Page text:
On Thursday, Jan. 30, hundreds of shoppers brave below-30-degree temperatures to stand in line for hours at the store opening, fortified by free Blanchard’s coffee and Brekkie waffles. Liz Hunt arrives shortly before 6 a.m., and stands outside until store management invites her and a few others to wait in the heated foyer.

“I shop everywhere because I love grocery shopping,” Hunt says, flashing a wide smile and tossing back her long brown hair. “Costco, Trader Joe’s, Kroger, Whole Foods, Publix. I like Ellwood’s but their parking lot is crazy.” She says she planned to shop at both Whole Foods locations, since she lives near one and works near the other.

Hunt and other shoppers waiting in line talked about noticing a recent shift at Whole Foods, which has sometimes been called “Whole Paycheck” due to its high prices.

“If you can hit their [Amazon] Prime deals, it’s good,” says David Johnson, who leaned on a cane and blew on his hands to warm them as he waited a little farther down the line. “We came to check it out. I shop at Walmart, Aldi, Lidle, anywhere I can get a bargain.”

A Whole Foods spokesperson confirmed that the store has made a concerted effort to lower prices and make the shopping experience “more approachable.”

Where Whole Foods may not hit Ukrop’s is in caring for its 165 full and part-time downtown employees. You’d be hard pressed to get any criticism from former Ukrop’s employees. But Whole Foods has faced complaints from labor unions for unfair employment practices and from Oxfam for not doing more to improve labor conditions at the farms and producers that supply the company.

Whole Foods plays up its support for these local producers, several of whom were on hand at last week’s opening.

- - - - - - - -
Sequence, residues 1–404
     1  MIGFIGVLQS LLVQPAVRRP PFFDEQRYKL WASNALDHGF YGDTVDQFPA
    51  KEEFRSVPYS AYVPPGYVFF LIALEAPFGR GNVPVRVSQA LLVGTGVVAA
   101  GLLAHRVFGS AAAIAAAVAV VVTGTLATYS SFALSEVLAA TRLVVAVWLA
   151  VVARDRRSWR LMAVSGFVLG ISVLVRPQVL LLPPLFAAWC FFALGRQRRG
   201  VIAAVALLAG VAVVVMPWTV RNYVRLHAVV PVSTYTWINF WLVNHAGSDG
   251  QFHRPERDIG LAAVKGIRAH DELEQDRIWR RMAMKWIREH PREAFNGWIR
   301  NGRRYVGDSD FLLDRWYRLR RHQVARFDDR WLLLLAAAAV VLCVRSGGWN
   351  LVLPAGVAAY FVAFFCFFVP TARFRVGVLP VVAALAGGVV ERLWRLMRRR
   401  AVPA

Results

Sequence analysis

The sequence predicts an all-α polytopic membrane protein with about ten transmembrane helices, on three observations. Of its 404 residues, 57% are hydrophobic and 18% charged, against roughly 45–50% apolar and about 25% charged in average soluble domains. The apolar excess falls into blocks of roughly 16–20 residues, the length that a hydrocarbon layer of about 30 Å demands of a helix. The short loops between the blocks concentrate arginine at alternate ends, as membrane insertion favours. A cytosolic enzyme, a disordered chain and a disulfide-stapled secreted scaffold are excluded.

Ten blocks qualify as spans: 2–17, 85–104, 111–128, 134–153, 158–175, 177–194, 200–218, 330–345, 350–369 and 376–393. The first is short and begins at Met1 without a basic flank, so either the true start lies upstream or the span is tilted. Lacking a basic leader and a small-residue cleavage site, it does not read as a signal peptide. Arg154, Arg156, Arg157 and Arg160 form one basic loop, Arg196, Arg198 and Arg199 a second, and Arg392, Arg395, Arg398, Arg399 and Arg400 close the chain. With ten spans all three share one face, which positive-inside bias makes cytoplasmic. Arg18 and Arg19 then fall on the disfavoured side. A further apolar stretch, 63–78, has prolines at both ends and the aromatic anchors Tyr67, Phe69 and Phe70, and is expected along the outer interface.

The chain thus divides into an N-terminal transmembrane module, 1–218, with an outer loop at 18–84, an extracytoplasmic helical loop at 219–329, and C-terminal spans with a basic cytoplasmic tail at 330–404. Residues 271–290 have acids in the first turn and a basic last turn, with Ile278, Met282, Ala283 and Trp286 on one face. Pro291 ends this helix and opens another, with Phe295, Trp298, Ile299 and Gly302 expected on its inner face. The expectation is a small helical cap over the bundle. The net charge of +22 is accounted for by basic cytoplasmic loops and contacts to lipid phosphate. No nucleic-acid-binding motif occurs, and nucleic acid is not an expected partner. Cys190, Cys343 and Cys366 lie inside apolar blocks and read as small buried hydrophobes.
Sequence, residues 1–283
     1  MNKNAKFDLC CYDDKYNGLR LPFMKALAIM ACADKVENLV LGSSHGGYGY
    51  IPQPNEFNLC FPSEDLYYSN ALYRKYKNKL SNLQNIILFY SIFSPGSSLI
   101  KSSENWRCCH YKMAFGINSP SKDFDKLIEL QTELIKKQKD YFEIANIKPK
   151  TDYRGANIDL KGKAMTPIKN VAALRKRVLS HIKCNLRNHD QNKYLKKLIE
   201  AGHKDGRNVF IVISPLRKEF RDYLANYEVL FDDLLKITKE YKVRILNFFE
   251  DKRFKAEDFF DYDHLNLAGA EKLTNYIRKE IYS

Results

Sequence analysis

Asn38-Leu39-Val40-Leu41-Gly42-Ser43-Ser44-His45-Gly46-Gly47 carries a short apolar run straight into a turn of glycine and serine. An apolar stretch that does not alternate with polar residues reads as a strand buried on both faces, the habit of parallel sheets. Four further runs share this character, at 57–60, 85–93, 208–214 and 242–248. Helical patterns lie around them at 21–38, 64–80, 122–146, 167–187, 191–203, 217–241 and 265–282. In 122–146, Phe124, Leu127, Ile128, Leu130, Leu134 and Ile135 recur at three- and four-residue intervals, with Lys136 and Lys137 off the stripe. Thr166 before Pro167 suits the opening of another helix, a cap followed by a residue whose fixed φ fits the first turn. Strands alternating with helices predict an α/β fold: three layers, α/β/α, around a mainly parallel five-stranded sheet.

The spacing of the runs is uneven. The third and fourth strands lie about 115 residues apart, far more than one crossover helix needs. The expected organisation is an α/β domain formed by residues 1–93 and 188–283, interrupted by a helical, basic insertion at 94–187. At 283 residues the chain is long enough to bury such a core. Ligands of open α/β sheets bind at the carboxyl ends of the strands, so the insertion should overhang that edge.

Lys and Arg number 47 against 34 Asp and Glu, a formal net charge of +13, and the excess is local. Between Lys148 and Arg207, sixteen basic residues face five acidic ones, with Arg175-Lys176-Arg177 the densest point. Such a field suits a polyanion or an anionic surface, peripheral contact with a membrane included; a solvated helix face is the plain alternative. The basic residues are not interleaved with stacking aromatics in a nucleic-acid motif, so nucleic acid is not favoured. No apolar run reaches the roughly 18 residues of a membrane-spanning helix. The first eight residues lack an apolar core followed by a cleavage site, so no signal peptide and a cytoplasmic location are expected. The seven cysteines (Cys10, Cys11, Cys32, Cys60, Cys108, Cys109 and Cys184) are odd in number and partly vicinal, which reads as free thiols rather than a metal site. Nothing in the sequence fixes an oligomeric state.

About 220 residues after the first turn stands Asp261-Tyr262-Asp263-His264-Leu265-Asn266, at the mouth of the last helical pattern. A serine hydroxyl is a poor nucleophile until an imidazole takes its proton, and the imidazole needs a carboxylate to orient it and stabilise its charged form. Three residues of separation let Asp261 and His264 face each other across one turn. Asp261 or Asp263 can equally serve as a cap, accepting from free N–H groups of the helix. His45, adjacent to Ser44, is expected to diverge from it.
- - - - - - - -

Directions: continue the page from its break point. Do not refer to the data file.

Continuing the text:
“We come to all the East Coast store openings,” says Nick Wright, representing Severino Pasta Co. in New Jersey. He stood by a case full of colorful fresh pastas and ravioli. “The owner started this company in a garage in 1971 and he went into Whole Foods 22 years ago. Now we’re global with them.”

Katie Williams, co-founder of Navy Hill, hands out samples of the Richmond company’s tonic and soda waters.

“Whole Foods is amazing to work with,” she says, smiling and offering logoed, insulated tote bags to shoppers. “We launched with them in October 2018 with three [products]. They’ve helped us grow brand awareness, they invite us to events at headquarters and preview parties at stores. It’s really a feather in your cap to be in Whole Foods. It gives you credibility with other retailers.”

At the opening, dazed shoppers stroll the aisles, ogling the carefully curated displays. Staff members encourage shoppers to taste everything, even offering to open closed packages. Ukrop’s departure may have left downtown Richmonders hungry, but on Thursday there was plenty to eat.

Whole Foods store No. 510
2024 W. Broad St.
Open daily 7 a.m. to 10 p.m. with mezzanine 11 a.m. to 10 p.m.